In "Raw," a slightly stripped-down version of their regular show brought to Merrill by Portland Ovations, STREB performs 10 pieces. Each piece has its own set, a mechanical contraption which either obstructs or enables their movement. In the first, "Wall Run Turn," a transparent, nine-foot-by-six-foot Plexiglas frame stands in the center of an enormous lazy Susan. One of the dancers yells "Go," and the whole platform is set to motion. For three minutes, the eight bodies besiege the wall. Using movements borrowed from ballet, gymnastics, contact improvisation, and modern dance, they ricochet, carom, hang, suspend, repel, squirm, crash, and dangle from both sides. Onto their bellies and backs, they fall dozens of times. Were the dance not meticulously choreographed, it would be impossible to grasp the incredible cooperation at play. As two dancers hang from one side of the wall, another hurls her body horizontally at the backs of their legs as they curl to cradle her. Seconds later, two dancers climb and vault the apparatus — their waists teetering over the top like trapeze artists — and slide headfirst down the other side as the other six compress their bodies against the vertical surface. (Many videos of these performances are on YouTube; I highly recommend you see for yourself.)

Whether it's truly dance or not doesn't matter; it just looks like so much fun. In the process, it's re-imagining (or simply shattering) some pretty time-honored parameters of modern dance. Though there is a degree of emphasis on a "perfect" physical form, the dancers are relentlessly cooperative, often barking encouragement and praise at one another when they pull off difficult moves. The company's enormous custom mechanical contraptions are without precedent in dance (in addition to the Plexiglas wall, they play with hanging cinderblocks, two counter-revolving platforms, and a gigantic half-wheel that acts as a human-powered pendulum, among others). It occurred to me that STREB Extreme Action might be the most rigorous team activity that doesn't involve a whiff of competition. It's too preoccupied with an tireless fascination: what else can the body do?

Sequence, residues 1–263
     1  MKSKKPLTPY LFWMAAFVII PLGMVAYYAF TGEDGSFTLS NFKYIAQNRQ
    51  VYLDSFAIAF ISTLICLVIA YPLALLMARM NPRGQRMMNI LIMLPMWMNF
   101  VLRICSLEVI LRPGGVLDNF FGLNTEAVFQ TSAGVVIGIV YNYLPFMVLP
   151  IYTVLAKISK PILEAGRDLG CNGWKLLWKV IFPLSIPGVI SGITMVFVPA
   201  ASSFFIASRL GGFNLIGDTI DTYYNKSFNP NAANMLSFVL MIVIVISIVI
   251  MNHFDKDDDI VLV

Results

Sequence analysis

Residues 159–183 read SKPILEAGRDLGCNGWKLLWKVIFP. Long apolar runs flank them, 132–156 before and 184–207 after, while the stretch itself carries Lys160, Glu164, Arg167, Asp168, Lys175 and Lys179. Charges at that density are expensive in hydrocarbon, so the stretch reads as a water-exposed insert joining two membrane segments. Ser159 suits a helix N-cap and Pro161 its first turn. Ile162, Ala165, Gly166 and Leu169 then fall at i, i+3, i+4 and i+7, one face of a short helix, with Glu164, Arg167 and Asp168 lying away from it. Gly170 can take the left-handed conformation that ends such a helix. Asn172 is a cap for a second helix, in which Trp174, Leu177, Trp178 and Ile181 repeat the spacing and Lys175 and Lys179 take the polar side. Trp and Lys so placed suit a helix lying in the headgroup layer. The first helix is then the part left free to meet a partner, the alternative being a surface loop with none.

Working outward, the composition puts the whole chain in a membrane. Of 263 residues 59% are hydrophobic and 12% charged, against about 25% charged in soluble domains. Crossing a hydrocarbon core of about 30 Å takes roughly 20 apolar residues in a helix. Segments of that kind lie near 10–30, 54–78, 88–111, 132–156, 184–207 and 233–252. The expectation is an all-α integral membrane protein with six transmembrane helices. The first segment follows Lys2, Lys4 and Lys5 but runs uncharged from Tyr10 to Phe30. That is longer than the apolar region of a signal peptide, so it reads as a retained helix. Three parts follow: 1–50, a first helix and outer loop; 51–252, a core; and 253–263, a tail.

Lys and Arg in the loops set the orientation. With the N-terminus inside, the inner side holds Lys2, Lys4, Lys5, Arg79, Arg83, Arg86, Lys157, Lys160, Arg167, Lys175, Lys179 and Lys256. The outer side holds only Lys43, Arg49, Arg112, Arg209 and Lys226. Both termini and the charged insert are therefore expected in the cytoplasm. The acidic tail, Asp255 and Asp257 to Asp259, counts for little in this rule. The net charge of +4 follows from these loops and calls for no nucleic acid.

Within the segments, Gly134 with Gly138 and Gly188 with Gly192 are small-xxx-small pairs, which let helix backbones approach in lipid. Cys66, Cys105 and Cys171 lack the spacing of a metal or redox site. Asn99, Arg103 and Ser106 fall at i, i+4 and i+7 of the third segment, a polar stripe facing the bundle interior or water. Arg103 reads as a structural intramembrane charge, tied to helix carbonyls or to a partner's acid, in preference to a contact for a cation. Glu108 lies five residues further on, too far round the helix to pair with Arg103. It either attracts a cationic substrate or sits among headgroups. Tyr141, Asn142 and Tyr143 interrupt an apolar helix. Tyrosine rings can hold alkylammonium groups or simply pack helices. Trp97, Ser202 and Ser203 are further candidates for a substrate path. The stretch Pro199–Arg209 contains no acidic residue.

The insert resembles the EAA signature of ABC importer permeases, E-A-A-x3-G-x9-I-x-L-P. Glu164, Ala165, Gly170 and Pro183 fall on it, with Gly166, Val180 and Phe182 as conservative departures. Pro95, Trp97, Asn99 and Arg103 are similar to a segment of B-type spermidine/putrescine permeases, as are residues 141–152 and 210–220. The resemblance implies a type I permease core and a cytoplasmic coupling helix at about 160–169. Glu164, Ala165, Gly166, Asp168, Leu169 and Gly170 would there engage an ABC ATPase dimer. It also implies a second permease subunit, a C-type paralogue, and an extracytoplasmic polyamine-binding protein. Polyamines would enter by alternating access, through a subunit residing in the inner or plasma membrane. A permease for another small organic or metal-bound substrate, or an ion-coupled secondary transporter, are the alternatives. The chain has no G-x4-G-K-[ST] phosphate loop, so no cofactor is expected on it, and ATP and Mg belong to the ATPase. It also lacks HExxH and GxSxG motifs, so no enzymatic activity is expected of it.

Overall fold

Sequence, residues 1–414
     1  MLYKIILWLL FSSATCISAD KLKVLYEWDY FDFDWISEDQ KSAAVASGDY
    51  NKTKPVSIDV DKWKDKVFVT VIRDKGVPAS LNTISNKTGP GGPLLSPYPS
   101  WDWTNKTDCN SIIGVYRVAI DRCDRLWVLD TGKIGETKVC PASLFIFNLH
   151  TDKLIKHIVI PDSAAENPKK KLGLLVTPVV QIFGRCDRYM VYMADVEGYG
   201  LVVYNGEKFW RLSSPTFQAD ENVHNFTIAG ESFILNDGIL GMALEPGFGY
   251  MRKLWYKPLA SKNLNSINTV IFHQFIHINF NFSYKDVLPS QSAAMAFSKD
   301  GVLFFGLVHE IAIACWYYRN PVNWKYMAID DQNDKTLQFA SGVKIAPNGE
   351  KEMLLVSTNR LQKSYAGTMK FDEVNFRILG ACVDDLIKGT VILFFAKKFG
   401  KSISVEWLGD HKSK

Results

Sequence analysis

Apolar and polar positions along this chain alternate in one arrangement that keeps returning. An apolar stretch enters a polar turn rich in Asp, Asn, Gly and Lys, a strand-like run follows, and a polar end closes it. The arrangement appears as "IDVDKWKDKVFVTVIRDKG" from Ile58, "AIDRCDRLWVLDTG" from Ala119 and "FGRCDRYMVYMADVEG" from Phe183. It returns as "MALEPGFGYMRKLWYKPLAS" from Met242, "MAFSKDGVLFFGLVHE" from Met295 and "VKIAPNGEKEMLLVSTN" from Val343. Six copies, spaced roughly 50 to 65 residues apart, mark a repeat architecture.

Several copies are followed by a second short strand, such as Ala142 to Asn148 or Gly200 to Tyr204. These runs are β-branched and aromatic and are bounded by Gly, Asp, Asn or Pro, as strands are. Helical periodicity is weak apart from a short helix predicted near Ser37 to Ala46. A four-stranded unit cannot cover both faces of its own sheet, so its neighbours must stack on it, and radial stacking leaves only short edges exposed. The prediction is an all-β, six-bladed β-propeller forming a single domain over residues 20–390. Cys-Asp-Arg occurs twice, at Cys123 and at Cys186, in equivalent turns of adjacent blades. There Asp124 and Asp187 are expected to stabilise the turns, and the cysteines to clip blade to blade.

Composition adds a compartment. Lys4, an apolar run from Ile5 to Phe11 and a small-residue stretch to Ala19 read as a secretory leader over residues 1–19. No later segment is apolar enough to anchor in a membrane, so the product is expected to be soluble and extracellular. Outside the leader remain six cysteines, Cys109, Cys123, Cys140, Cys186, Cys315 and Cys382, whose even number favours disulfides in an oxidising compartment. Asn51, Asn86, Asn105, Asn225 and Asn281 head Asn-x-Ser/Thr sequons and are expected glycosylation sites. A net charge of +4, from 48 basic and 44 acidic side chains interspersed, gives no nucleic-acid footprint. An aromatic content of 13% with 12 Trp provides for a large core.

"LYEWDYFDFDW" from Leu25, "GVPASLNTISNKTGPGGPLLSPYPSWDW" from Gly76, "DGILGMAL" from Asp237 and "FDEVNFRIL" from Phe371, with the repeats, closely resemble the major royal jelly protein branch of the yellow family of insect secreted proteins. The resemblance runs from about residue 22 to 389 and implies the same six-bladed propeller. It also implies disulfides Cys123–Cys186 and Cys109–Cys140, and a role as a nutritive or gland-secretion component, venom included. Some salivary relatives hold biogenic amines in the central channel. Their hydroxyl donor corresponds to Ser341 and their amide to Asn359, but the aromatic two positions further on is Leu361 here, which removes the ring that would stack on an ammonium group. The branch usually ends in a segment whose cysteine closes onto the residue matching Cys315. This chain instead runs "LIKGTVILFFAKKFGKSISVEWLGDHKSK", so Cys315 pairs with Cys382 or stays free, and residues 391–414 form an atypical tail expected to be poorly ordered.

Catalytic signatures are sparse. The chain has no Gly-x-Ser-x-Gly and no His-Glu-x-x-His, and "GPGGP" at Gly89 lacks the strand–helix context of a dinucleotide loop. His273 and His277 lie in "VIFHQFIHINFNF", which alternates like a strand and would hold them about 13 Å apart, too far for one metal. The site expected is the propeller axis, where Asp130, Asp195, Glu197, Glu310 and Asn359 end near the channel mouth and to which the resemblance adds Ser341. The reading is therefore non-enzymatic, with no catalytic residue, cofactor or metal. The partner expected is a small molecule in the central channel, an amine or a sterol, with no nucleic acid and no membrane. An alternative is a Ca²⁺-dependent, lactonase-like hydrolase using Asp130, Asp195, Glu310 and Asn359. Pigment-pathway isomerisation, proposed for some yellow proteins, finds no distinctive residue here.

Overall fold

Going forward, Streb's mission is simple: locate a "real move," a thoroughly original dance concept. In her own words, a real move "is something that you get hurt trying to stop, and something that once you begin it, you can't change your mind. It's got to continue to happen. It's the nature of a real move to not allow any change of heart or mind once the move has begun."

The day before the Merrill performance, I was treated to a instructional masterclass with the STREB team in a studio at Portland Ballet Company. Besides my associate (a friend near my age with a college minor in dance), only one other student in attendance was above voting age — the rest appeared to be Portland Ballet Company students, young girls in tights and leotards. As the STREB team guided us through some core points of motion (see a breakdown of these in the sidebar), they stressed safety and a "personal best" approach, not perfection. Teaching adolescent ballerinas how to fall on their faces is a tough enough job. At a certain point, the fear of accidentally kicking someone in the face led me to bow out and watch as my associate labored on. As Jackie Carlson, a STREB member with a fierce blonde mohawk, demonstrated a series of tumbles and pratfalls for the girls to try, the other members boldly, unironically cheered her on. It was implied that the girls do the same for their friends, that raucous noise and awestruck encouragement were not foreign to this sort of recital. The girls cheered, watching one another perform spectacular physical feats. Flying may elude us yet, but for now, we all fall down.

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